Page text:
Muelleria 27: 213 (2009) APNI
Threat status:Victoria: rare (r)
Aromatic, single-stemmed shrubs, 2–4 m high; branchlets not or hardly flexuose, with glabrous or minutely hairy ribs. Phyllodes narrowly elliptic to lanceolate-elliptic, (4–)5–10 cm long, (2–)3–6(–12) mm wide, straight or slightly curved, thin, acute to short-acuminate, sometimes obtuse-mucronate, resinous-punctate, sometimes viscid, glabrous or margins and main vein with appressed hairs; vein 1, lateral veins few and obscure, sometimes forming a faint continuous longitudinal vein near the phyllode margin; gland 0–0.5 mm above pulvinus. Peduncles (1–)2(–4) per axil, sometimes in very short racemes (rachis c. 1 mm long), tomentose, hairs rather long and lax, basal bract usually caducous; heads globular or obloid (in bud), 8–11 mm diam., 30–50-flowered, light yellow to lemon yellow. Flowers 5-merous; sepals united. Pods linear, 2–6 cm long, 3–4 mm wide, charcaceous, glabrous or with very sparse, minute appressed hair; seeds longitudinal, obloid, 3.5–4.5 mm long, shiny, black, funicle twice folded, aril terminal. Flowers Aug.–Nov.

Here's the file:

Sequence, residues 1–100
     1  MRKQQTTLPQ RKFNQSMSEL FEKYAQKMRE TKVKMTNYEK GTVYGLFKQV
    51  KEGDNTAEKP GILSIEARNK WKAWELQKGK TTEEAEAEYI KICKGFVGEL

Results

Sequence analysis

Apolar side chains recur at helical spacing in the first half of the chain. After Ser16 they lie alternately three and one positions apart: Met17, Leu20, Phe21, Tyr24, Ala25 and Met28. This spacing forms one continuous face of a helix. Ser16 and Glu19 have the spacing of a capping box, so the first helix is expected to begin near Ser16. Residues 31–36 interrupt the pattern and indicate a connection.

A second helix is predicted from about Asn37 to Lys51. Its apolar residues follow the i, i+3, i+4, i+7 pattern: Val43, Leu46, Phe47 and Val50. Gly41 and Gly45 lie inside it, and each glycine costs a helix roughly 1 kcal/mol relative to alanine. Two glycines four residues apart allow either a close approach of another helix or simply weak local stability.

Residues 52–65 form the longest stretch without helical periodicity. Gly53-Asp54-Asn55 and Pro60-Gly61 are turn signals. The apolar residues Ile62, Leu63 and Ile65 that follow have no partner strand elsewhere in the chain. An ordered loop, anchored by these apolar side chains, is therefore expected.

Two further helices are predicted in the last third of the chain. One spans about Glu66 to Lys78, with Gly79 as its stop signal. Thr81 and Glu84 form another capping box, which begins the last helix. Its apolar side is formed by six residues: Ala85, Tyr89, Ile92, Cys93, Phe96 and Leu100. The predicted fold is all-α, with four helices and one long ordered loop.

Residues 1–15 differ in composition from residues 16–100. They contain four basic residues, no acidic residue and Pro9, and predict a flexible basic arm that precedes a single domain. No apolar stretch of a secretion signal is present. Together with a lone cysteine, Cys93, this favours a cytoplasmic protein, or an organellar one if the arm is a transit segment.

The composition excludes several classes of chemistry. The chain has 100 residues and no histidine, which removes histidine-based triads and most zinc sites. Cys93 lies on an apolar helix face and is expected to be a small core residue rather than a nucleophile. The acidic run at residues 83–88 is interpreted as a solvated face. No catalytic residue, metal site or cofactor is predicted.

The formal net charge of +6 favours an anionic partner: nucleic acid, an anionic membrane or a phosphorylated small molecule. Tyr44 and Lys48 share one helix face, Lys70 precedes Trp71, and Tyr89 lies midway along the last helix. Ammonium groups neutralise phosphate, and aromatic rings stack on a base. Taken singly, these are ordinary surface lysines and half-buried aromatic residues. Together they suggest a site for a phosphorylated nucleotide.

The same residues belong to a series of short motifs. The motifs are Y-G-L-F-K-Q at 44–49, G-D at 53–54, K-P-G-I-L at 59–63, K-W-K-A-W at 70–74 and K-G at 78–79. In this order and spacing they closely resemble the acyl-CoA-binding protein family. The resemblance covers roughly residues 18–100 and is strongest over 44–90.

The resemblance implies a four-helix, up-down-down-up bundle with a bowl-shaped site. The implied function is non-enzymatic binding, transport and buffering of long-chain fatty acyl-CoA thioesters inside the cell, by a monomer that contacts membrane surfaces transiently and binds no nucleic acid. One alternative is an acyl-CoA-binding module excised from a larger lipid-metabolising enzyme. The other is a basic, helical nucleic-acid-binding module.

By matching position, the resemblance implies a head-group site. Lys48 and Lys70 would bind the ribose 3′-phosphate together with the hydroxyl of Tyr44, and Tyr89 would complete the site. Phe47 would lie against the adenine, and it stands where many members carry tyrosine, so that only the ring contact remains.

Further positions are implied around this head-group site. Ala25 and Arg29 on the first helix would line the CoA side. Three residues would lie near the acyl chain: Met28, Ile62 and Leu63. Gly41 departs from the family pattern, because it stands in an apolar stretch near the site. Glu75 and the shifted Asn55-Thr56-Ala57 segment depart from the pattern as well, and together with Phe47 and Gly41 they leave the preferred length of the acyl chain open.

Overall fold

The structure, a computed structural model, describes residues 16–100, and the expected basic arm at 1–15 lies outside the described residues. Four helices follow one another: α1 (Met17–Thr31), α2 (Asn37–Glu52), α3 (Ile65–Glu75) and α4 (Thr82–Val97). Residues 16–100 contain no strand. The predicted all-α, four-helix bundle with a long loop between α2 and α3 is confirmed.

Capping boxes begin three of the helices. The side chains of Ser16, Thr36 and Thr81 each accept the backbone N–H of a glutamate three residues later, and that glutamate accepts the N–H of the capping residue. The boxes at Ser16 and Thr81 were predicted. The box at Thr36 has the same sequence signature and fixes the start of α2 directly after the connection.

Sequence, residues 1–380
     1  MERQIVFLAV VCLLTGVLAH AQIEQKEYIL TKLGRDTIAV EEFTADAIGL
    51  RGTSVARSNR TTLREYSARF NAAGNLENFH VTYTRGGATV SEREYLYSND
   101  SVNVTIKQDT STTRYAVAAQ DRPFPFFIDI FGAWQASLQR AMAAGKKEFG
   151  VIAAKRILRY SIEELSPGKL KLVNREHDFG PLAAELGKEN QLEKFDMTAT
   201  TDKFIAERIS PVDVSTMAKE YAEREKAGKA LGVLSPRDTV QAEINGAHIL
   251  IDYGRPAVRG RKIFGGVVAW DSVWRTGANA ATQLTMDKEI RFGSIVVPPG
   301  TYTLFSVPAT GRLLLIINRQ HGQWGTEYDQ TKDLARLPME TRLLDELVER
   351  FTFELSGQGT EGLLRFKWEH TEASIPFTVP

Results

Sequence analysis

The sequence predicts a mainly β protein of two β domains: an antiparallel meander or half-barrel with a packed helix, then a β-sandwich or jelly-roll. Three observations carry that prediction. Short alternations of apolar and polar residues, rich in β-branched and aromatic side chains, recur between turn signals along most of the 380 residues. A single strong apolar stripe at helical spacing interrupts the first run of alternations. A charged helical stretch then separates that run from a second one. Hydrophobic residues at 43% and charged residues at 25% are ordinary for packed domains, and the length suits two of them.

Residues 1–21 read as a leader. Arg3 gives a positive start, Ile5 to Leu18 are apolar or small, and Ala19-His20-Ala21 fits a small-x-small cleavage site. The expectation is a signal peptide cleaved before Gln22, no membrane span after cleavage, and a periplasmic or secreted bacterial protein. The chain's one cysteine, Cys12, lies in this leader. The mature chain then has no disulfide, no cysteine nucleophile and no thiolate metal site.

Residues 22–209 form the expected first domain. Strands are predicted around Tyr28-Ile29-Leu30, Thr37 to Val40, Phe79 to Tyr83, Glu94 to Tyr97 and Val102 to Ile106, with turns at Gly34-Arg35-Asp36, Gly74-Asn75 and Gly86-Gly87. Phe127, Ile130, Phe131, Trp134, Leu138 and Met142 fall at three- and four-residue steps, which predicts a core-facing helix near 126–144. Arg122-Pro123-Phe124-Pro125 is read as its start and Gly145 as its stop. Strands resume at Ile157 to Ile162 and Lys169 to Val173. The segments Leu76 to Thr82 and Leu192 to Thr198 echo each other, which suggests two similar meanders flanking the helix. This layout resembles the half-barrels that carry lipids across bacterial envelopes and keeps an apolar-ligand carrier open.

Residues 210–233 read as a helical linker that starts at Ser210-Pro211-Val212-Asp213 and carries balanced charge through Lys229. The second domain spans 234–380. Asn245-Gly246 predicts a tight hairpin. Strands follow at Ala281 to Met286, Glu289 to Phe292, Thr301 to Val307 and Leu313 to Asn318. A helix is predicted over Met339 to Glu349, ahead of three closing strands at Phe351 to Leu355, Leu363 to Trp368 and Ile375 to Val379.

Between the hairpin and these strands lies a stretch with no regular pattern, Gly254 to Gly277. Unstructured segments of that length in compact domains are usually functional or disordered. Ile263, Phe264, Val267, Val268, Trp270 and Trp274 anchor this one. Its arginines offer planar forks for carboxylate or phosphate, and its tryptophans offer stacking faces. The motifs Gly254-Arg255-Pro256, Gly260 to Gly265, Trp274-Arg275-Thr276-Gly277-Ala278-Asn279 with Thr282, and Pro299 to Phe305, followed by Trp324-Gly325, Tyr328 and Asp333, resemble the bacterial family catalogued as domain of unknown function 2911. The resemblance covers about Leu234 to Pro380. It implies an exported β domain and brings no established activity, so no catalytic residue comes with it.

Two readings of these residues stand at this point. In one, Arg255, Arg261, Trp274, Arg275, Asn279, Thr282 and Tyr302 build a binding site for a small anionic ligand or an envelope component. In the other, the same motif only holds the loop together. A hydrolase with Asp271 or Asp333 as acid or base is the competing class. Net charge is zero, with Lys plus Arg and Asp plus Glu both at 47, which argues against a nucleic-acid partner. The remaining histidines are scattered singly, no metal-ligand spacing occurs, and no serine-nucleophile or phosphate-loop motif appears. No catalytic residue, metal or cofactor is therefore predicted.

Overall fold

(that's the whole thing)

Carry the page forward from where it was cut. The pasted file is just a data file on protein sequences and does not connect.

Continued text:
CVU, GipP, HSF, VRiv. Restricted to the Dandenong Ranges where it is often locally common in the riparian zone on hillsides in tall forest and open woodland. A single early collection from Myrniong Creek (NW of Bacchus Marsh) is thought to be mislabelled or possibly from cultivated material. The occurrence of this species near Elmore in the north requires further confirmation.
Specimens with unusually wide phyllodes may resemble A. leprosa var. uninervia. This taxon is distinguished from A. stictophylla by the gland being c. 2 mm above the pulvinus. More generally, singled-veined varieties of A. leprosa can be distinguished from A. stictophylla by the shorter bracteoles that do not exceed flower buds, fewer flowered heads (A. leprosa has up to c. 30 flowers per head), and shorter, appressed to sub-appressed hair on peduncles.
Acacia stictophylla may also be confused with A. cognata which is distinguished by its phyllodes having 3 (or rarely 5) veins (the phyllodes must be examined carefully because the veins flanking the rather prominent midrib are often very fine), and are less obviously resinous-punctate.
|Bioregion||Occurrence status||Establishment means|
|Central Victorian Uplands||present||native|